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Kidney Week

Abstract: PO0225

Intravenous Administration of Vitamin B Complex Improves Renal Recovery in Patients with AKI

Session Information

Category: Acute Kidney Injury

  • 102 AKI: Clinical, Outcomes, and Trials


  • Claure-Del Granado, Rolando, Hospital Obrero No 2 - CNS, Cochabamba, Bolivia, Plurinational State of
  • Torrico Salinas, Ariana, Hospital Obrero No 2 - CNS, Cochabamba, Bolivia, Plurinational State of

Preclinical studies have identified NAD+ augmentation as a potential strategy for the prevention and treatment of AKI. NAD+ is the final metabolized form of vitamin B3 (niacin). Since there is no availability of niacin in the country; we tested if I.V. vitamin B complex (vitamin B1, B6 and B12) could improve renal recovery in patients with AKI. By oxidation, vitamin B6 (pyridoxine) through the pathway of pentose phosphate lead to the formation of NADPH an analog of NAD+.


We conducted randomized, blind, placebo-controlled study in hospitalized patients with AKI (NCT04893733). During the study I.V. vitamin B complex or placebo was given twice a day for 5 consecutive days. For AKI management in each patient, a protocol-based approach was used (STOP AKI protocol from the ISN 0by25 trial We evaluated if vitamin B complex could improve renal recovery and if it could reduce de novo CKD incidence or CKD progression.


From September 2020 to May 2021, 191 patients were enrolled in this ongoing RCT with 160 patients completing the follow-up by day 7 and 91 patients completing the follow-up by 3 months. Peak sCr was higher in patients randomized to vitamin B complex (2.8 ±1.2 vs. 2.2 ±1.3 mg/dl; p = 0.006). A higher pecentage of patients randomized to vitamin B complex arm had severe AKI (stage ≥ 2) 74% vs. 43% randomized to placebo; p = 0.011. The drop in sCr values by day 7 was higher in the vitamin B complex group (1.01 vs. 0.65 mg/dl; p < 0.001). No differences were found in the percentage of patients with complete recovery (54.3% vs. 45.6%; p=0,268), partial recovery (25.9% vs. 25.3%; p = 0.930) and non-recovery (19.8% vs. 29.1%; p = 0,168). At 3 months, the incidence of de novo CKD and CKD progression was not different in both arms (23.9% vs. 20%; p = 0.652 and 28.2% vs. 26.6%; p = 0.865 respectively). No difference was found in mortality rate at day 90 (vitamin B complex 31.1% vs. placebo 28.2%; p = 0.544).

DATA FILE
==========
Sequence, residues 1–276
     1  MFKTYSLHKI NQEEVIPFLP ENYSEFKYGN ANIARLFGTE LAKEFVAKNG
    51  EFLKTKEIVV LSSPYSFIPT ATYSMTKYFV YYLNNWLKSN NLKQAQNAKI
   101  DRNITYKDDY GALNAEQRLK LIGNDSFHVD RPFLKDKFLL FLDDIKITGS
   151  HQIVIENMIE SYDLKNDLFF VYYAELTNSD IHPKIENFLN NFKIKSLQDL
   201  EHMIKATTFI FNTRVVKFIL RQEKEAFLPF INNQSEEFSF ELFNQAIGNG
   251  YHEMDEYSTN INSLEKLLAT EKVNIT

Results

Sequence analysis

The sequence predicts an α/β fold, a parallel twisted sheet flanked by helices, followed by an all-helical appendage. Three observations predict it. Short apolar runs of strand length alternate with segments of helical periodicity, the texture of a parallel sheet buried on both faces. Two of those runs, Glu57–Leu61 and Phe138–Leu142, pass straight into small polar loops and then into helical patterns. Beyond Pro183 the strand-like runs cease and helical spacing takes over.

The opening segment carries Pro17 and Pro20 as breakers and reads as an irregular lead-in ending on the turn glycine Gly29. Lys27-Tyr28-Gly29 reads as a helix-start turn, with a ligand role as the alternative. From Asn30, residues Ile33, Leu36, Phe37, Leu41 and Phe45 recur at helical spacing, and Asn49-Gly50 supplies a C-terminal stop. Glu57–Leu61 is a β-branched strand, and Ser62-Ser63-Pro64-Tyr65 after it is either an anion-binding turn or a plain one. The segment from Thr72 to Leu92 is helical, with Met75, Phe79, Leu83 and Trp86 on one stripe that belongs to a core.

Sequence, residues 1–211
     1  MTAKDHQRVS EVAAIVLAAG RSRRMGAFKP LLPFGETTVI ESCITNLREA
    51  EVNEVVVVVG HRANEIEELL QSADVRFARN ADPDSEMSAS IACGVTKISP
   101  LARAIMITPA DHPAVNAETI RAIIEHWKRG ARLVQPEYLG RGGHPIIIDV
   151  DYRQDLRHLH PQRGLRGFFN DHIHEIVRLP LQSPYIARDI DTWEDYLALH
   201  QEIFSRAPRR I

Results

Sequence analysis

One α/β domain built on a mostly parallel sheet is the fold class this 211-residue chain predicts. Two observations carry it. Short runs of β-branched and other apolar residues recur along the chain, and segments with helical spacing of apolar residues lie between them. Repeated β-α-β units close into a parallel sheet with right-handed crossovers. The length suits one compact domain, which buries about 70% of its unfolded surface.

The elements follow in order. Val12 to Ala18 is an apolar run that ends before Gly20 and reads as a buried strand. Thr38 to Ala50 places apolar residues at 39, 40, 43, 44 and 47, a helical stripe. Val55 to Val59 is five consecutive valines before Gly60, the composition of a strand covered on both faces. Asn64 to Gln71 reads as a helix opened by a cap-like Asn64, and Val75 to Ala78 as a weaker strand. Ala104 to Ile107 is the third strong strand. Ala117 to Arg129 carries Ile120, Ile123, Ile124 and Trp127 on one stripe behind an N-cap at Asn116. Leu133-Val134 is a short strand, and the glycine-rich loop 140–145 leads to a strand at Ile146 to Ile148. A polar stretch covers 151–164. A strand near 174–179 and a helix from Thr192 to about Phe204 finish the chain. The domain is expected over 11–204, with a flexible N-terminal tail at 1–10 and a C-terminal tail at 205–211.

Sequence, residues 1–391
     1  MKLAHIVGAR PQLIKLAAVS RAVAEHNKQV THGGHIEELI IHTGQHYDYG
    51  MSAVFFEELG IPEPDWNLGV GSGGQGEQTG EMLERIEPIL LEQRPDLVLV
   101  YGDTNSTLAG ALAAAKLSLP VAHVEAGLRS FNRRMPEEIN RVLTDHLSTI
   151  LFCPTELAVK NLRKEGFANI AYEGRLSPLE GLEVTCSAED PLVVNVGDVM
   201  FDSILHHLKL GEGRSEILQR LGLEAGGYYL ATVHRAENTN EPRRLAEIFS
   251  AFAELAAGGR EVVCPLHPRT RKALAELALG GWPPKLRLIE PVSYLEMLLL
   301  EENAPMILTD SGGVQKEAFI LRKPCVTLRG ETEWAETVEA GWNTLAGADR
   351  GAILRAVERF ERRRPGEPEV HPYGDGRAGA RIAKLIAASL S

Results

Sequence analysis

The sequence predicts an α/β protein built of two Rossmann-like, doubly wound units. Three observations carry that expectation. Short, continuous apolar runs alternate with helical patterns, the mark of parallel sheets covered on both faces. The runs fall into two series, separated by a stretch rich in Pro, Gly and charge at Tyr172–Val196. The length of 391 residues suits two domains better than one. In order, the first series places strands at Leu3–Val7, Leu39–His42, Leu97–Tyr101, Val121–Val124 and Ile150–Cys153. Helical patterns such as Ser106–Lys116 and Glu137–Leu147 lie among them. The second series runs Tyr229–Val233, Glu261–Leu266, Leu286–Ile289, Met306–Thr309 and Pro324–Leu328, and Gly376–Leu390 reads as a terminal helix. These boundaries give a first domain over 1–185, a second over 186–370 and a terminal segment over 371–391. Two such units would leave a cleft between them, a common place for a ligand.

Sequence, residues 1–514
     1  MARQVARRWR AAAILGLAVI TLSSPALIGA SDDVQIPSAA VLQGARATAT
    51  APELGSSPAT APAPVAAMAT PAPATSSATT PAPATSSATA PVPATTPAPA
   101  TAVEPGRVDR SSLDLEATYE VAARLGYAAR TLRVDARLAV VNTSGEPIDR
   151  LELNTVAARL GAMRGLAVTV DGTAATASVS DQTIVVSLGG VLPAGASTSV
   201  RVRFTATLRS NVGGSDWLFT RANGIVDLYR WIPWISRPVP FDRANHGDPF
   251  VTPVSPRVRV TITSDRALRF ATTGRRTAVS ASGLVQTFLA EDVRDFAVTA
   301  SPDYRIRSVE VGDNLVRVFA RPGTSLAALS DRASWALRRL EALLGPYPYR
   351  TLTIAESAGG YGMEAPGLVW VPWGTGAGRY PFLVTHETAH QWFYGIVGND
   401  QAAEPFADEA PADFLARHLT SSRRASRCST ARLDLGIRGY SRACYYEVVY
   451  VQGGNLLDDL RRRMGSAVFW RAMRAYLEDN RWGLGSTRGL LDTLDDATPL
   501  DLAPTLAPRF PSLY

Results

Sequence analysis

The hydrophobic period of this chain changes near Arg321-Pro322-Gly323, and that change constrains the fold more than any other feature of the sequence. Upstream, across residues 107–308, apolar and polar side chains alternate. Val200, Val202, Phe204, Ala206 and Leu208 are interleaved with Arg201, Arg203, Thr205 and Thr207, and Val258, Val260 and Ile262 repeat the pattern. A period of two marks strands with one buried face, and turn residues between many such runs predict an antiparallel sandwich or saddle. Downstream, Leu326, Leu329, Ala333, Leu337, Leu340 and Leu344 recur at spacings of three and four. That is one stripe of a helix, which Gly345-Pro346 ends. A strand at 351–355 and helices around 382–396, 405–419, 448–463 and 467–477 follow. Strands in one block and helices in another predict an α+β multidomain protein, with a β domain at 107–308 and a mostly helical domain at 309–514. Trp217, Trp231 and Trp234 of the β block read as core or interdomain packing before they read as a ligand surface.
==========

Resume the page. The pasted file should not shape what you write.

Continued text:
The administration of vitamin B complex could potentially accelerate renal recovery in patients with AKI by day 7, reducing the percentage of patients who will not recover renal function after an AKI episode. No differences were found in terms of CKD progression or de novo CKD. The preliminary data of our ongoing study warrants future studies to validate these findings.